• As a result of that designation, all proposed exterior restoration, remodeling, re-location, mothballing or demolition on the entire site must be reviewed by the City of Salem’s Historic Landmarks and Design Review Commission
slide29

Historic preservation (cont.)

  • To minimize the impact on the Historic District and to balance the need to accommodate the new hospital’s program and funding limitations, DHS has worked diligently with designers, numerous stakeholders, historic preservationists, the State Historic Preservation Office, health care providers, OSH staff, patients and their families, citizen advocates, neighborhood associations, and consultants in the planning of the new hospital
  • DHS also contracted with a qualified architectural historian to review and inventory all the buildings on the Salem campus and identify their historic significance
slide30

Budget challenges

Cost drivers that may affect the bottom line of this project

  • Escalation of construction costs that have continued to rise much faster than the CPI or PPI for finished goods
  • Inflation for construction from 1995 to the end of 2003 averaged 2.34 percent per year; from 2004 to the end of 2005 construction costs increased by 6.43 percent
  • Price increases for diesel fuel, steel, pre-cast concrete and other building materials will continue to be a major challenge
  • An additional cost driver is energy costs – the Junction City site must meet ORS 279C.527 – 279C.528 requirements for solar energy, which added costs not included in the original budget approved by the Legislature
slide31

Budget challenges (cont.)

  • Another cost driver is the direction from the Legislature to absorb the cost of furniture, fixtures and equipment (FF&E) into the budget
    • The estimate in 2007 for FF&E was $10.5 million ($7.5 for Salem and $3 million for Junction City); this estimate will be adjusted after completion of the design development phase
  • The original budget, which was set during the master plan phase of the project, assumed:
    • Treatment hours would be consistent with 2005 levels – 5 hours of active treatment per patient per week; the requirement was raised in 2007 to a minimum of 20 hours of active treatment per patient per week, which translates into additional square footage
    • Staffing levels would be consistent with 2005; new treatment and safety requirements have raised staffing levels by one-third on the Salem campus, again requiring additional square footage
slide32

Budget challenges (cont.)

  • All the factors listed in previous slides produce significant costs not known when the budget originally was set
  • Added to these are items such as:
    • City of Salem road improvements, including a connector road from Center to State streets – estimated at $2 million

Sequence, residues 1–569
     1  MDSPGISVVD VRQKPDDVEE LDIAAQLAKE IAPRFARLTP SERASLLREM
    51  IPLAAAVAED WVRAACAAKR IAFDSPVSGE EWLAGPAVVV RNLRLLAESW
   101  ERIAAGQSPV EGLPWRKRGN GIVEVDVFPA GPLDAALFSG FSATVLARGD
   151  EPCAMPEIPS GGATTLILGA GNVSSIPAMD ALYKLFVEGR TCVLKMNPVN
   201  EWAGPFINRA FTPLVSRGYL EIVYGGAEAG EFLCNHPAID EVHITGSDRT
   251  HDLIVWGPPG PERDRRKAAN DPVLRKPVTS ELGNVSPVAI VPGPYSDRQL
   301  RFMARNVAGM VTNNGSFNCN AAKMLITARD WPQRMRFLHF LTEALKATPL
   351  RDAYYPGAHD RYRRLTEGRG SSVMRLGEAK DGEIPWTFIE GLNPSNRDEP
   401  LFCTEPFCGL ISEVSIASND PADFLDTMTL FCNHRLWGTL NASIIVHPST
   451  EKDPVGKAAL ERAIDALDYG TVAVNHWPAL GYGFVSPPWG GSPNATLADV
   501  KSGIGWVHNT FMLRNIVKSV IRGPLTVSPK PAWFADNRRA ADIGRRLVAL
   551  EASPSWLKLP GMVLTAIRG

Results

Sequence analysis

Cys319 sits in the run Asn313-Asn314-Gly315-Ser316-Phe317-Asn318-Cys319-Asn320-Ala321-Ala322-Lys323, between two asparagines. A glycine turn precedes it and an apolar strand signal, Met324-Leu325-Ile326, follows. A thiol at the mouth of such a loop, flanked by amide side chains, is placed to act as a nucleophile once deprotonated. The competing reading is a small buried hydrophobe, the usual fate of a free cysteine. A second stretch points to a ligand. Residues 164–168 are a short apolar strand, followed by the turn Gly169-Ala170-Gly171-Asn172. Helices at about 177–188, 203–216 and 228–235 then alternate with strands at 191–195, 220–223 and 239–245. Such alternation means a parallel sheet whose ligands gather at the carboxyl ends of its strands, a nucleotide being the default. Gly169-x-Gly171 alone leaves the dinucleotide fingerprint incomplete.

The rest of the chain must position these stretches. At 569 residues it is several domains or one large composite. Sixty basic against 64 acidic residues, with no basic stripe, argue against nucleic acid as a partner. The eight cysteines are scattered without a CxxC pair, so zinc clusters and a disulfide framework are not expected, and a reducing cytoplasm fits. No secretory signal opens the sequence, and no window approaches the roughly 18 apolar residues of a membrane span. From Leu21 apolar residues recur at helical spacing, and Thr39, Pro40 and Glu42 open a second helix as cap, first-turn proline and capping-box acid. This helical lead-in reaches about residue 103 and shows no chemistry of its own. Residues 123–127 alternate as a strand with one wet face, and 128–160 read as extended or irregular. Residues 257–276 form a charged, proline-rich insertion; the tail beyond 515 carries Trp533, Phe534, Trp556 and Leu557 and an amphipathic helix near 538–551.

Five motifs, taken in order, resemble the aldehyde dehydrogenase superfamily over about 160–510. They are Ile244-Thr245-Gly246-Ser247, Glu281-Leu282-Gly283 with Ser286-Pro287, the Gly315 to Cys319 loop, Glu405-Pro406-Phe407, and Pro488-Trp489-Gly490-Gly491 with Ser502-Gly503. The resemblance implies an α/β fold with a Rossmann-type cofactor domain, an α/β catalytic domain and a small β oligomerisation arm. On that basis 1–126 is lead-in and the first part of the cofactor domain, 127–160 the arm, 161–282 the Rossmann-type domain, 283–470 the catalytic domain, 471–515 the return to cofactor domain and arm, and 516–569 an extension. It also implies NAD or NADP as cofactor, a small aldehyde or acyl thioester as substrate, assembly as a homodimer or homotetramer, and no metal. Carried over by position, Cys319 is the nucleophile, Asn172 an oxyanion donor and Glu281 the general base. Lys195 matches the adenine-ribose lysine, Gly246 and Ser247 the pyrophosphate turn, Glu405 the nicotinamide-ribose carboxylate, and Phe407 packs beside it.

• Separation of utilities to the ongoing functions of facilities on the north side of Center Street in Salem – estimated at $5 million
    • The recognition of additional wetlands needing mitigation in Junction City
slide33

Oversight

  • Project team members and consultants have worked with OSH administrators, staff, patients, health care providers, a 40-member stakeholders group and numerous other interested parties to guide the development of the new facility
  • The team worked diligently to analyze the site’s existing buildings, topography, environmental qualities, archaeological importance, and parking and traffic conditions
  • DHS has enlisted expertise from renowned architectural, construction and engineering firms including numerous subcontractors to ensure delivery of the best mental health facility for Oregon
  • DHS contracted with the Hammes Company to conduct an in-depth review of the Salem site to ensure the site was appropriate for the planned facility
slide34

Oversight (cont.)

  • The OSH programming team visited psychiatric hospitals in Virginia, North Carolina, New York and Ontario, Canada, and imported the concept of centralized treatment, specialty malls and mixing patient populations
  • Feedback from staff, unit staff, department staff, consumers and families related to treatment and space needs were addressed with architects and incorporated into a programming design document
  • In late 2008 the Secretary of State began a construction contracting audit of the OSH replacement project
    • The audit is going well, with no material findings to date
    • Audit results will be released in the next few months
  • The OSH replacement project has undertaken comprehensive evaluations of other state projects and like development projects across the United States to ensure the size and cost of the facilities are consistent
slide35

Consultants

  • CH2M Hill – the project management consultant firm assisting the state with oversight of the design and construction of both facilities
  • HOK/SRG – vested with the responsibility to design and engineer both the 620-bed facility in Salem and the 360-bed facility in Junction City
  • Hoffman Construction Company of Oregon – the construction manager/general contractor for the 620-bed facility; the 360-bed facility will be put out for bid closer to the start of construction in 2011